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Textiles Ecosystem – TCLF (Textiles, clothing, leather and footwear) industries

The Textiles Ecosystem, composed of the textiles, clothing, leather and footwear (TCLF) industries, is amongst the most globalised value chains. The European TCLF industries employ 2.2 million workers. 99.5% of the companies active in the ecosystem are small and medium-sized enterprises (SMEs).

The textiles industry includes the transformation of natural and man-made fibres into yarns and fabrics as well as, through the CMT process (Cut, Make-up and Trim), the production of finished and functional textile articles. Textile products, defined as those products containing at least 80% by weight of textile fibres, include leisure apparel and clothing accessories, household/interior textiles as well as technical textiles.

The textiles ecosystem also contains the leather industry as well as the entire clothing and footwear sectors. Therefore, all non-textile components of animal origin, notably leather and fur, used in the production of garments and footwear are a part of the ecosystem as well. Furthermore, by including the entire leather industry, the textiles ecosystem also comprises household/interior leather products, such as furniture, as well as technical leather products, such as automotive upholstery.

The textiles ecosystem is amongst the most globalised value chains that exist today (Centre for Industrial Studies, 2021). It is mainly composed of small and medium-sized enterprises (SMEs), which represent 99.5% of the companies active in this ecosystem. Women represent more than 70% of all employees. The main EU producers of textile and clothing are concentrated in Germany, Spain, France, Italy and Portugal. Over 40% of EU apparel is produced in Italy (Eurostat Structural Business Statistics).

Top EU producers by subsector

A line chart showing which EU countries produce the most in the 7 textile subectors

 

Source: Based on data from Eurostat Structural Business Statistics. CSIL report on Data on the EU Textiles Ecosystem and its Competitiveness (shares of total EU production, average 2015-18).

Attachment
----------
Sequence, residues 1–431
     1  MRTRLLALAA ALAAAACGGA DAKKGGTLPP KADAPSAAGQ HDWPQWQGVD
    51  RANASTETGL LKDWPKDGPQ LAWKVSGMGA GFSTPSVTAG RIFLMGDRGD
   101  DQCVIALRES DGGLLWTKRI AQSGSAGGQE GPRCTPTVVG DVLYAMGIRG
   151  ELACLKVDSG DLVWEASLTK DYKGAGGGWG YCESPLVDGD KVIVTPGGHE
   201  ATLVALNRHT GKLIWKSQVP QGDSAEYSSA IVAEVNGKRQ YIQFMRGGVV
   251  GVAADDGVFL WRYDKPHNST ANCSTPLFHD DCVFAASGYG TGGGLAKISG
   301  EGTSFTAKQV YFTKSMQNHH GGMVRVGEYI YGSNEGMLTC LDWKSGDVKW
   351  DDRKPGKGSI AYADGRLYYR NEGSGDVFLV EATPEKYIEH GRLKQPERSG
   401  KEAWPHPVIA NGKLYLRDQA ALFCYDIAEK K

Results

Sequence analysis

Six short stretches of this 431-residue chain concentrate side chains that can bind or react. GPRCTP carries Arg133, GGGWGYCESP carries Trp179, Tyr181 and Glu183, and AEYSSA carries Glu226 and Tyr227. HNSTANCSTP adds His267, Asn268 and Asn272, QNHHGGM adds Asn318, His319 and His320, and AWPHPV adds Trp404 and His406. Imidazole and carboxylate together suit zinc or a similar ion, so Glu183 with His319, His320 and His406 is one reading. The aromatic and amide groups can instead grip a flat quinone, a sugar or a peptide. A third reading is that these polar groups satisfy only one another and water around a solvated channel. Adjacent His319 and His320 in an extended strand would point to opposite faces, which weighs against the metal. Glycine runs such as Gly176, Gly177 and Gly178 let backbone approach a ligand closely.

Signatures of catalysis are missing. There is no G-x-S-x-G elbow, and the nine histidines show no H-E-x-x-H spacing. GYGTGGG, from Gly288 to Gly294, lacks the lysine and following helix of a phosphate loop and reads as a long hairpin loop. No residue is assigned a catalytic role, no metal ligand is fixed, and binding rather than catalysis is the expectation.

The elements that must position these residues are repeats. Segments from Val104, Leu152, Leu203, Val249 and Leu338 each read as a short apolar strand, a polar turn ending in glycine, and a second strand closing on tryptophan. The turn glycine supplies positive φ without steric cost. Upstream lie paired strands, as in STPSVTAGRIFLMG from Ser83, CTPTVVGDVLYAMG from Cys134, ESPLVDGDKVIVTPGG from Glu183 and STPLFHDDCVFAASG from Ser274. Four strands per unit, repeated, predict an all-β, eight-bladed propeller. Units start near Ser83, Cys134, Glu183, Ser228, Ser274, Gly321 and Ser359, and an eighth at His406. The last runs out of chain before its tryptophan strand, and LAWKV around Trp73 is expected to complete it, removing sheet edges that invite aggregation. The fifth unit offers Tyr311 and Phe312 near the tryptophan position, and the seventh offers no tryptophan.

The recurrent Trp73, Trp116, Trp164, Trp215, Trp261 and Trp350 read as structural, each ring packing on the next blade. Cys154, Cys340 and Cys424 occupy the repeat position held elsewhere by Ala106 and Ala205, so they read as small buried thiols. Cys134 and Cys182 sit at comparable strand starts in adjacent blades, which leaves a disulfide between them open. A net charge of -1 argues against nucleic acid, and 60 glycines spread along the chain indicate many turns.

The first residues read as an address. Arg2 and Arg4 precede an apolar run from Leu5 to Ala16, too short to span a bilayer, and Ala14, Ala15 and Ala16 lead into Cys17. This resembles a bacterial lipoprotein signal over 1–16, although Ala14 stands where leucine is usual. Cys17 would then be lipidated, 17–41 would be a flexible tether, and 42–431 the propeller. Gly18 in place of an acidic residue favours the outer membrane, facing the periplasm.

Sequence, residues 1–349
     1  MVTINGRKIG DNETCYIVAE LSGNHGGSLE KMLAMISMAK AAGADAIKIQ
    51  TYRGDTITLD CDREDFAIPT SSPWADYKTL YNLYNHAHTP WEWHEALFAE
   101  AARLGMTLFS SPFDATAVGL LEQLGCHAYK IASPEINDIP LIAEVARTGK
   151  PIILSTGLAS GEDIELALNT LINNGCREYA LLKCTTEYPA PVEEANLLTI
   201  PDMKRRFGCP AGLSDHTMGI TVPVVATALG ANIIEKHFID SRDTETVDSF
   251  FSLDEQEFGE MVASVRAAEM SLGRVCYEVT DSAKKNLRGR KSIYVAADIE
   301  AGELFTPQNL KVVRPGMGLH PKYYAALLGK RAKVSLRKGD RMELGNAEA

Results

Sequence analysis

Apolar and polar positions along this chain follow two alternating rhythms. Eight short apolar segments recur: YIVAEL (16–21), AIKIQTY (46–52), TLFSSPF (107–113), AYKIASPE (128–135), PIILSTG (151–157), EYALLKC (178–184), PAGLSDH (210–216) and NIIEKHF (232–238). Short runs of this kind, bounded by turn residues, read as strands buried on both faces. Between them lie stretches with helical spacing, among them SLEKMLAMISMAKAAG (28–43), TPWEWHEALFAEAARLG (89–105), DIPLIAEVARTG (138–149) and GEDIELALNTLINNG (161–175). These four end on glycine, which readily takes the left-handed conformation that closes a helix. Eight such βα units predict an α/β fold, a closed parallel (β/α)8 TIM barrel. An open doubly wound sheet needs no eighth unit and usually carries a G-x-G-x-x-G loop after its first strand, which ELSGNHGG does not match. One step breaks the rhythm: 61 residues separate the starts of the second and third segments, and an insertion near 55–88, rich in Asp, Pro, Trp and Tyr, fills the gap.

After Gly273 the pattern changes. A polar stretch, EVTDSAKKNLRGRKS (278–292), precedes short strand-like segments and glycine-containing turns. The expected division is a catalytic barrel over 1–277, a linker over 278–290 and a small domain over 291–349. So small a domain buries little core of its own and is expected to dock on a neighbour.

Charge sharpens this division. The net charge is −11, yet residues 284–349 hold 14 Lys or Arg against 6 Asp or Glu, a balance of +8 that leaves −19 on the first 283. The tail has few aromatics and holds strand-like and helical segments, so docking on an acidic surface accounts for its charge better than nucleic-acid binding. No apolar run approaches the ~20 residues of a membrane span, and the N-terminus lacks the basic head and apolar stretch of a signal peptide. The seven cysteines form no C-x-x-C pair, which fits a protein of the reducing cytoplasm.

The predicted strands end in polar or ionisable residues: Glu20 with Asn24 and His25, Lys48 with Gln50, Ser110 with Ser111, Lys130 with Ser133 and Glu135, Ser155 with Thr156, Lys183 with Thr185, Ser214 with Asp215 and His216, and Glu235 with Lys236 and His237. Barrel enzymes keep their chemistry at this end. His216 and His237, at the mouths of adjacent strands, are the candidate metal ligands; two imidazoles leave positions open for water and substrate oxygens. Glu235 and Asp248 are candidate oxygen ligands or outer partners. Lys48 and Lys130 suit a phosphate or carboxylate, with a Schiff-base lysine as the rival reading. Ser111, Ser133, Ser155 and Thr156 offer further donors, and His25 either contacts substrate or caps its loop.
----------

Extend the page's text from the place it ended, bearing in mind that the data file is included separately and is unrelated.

Actions to facilitate trade

The textiles ecosystem faces strong international competition. Given the high volume of imported products, over 70% of fashion products consumed on the EU market are imported, and to level the playing field, it is important to ensure market surveillance and to eliminate market access barriers in third countries.

The EU Market Surveillance Regulation lays down a framework for the enforcement of product compliance rules both in the internal market, by market surveillance authorities, and at EU external borders, by designated authorities (usually customs authorities) which are tasked with controls on products entering the Union market.

The Commission follows the application of the World Trade Organization Agreement on Technical Barriers to Trade and negotiates the removal of technical obstacles within the context of the WTO.

Intellectual Property Rights (IPR)

Counterfeiting is an issue concerning the competitiveness of the textiles ecosystem, especially the clothing and footwear industries. The Intellectual Property Action Plan (2020) includes many elements of importance for the ecosystem. The Commission works to fight fake goods and provide information on Intellectual Property Rights (IPR).

CE marking

Textile products and footwear do not have to be CE marked according to the Textile Labelling Regulation (EU) 1007/2001 or the Footwear Directive 94/11/EC respectively.

However, if textile products or other products of the textile ecosystem, including footwear, fall in scope of legislation requiring CE marking, they have to be CE marked according to the provisions of the legislation in question – this is notably the case for certain TCLF technical products such as personal protective equipment, medical devices and toys. Construction products are subject to particular rules on CE marking. Biocidal products are, on the other hand, subject to particular rules on classification, labelling and packaging.

Non-TCLF specific legislation impacting the ecosystem

This is a non-exhaustive list of current and proposed EU legislation that, although not addressing the TCLF ecosystem specifically, nevertheless impacts the sector substantially by introducing or proposing rules on the products themselves and their manufacturing processes, their manufacturing facilities, activities related to the products in question or general enforcement

Market surveillance

Customs controls

Proposed Ecodesign for Sustainable Products Regulation

Product Safety

Liability for defective products

Consumer protection,Unfair commercial practices

Proposed Empowering Consumers Directive

Proposed Green Claims Directive

Proposed Corporate Sustainability Due Diligence Directive

Proposed Regulation on forced labour products

Health and Safety at work

Equipment for potentially explosive atmospheres and Gas appliances

Industrial Emissions

Chemicals

Waste

Packaging and Packaging Waste

Publications

Study on the competitiveness of the EU textile ecosystem

A 2021 study provided a comprehensive assessment of the EU textile ecosystem by analysing its competitiveness and innovation capacity. Relevant economic data covering a number of indicators is presented and a methodology has been defined to provide for regular data updates.

Data on the EU textile ecosystem and its competitiveness (December 2021)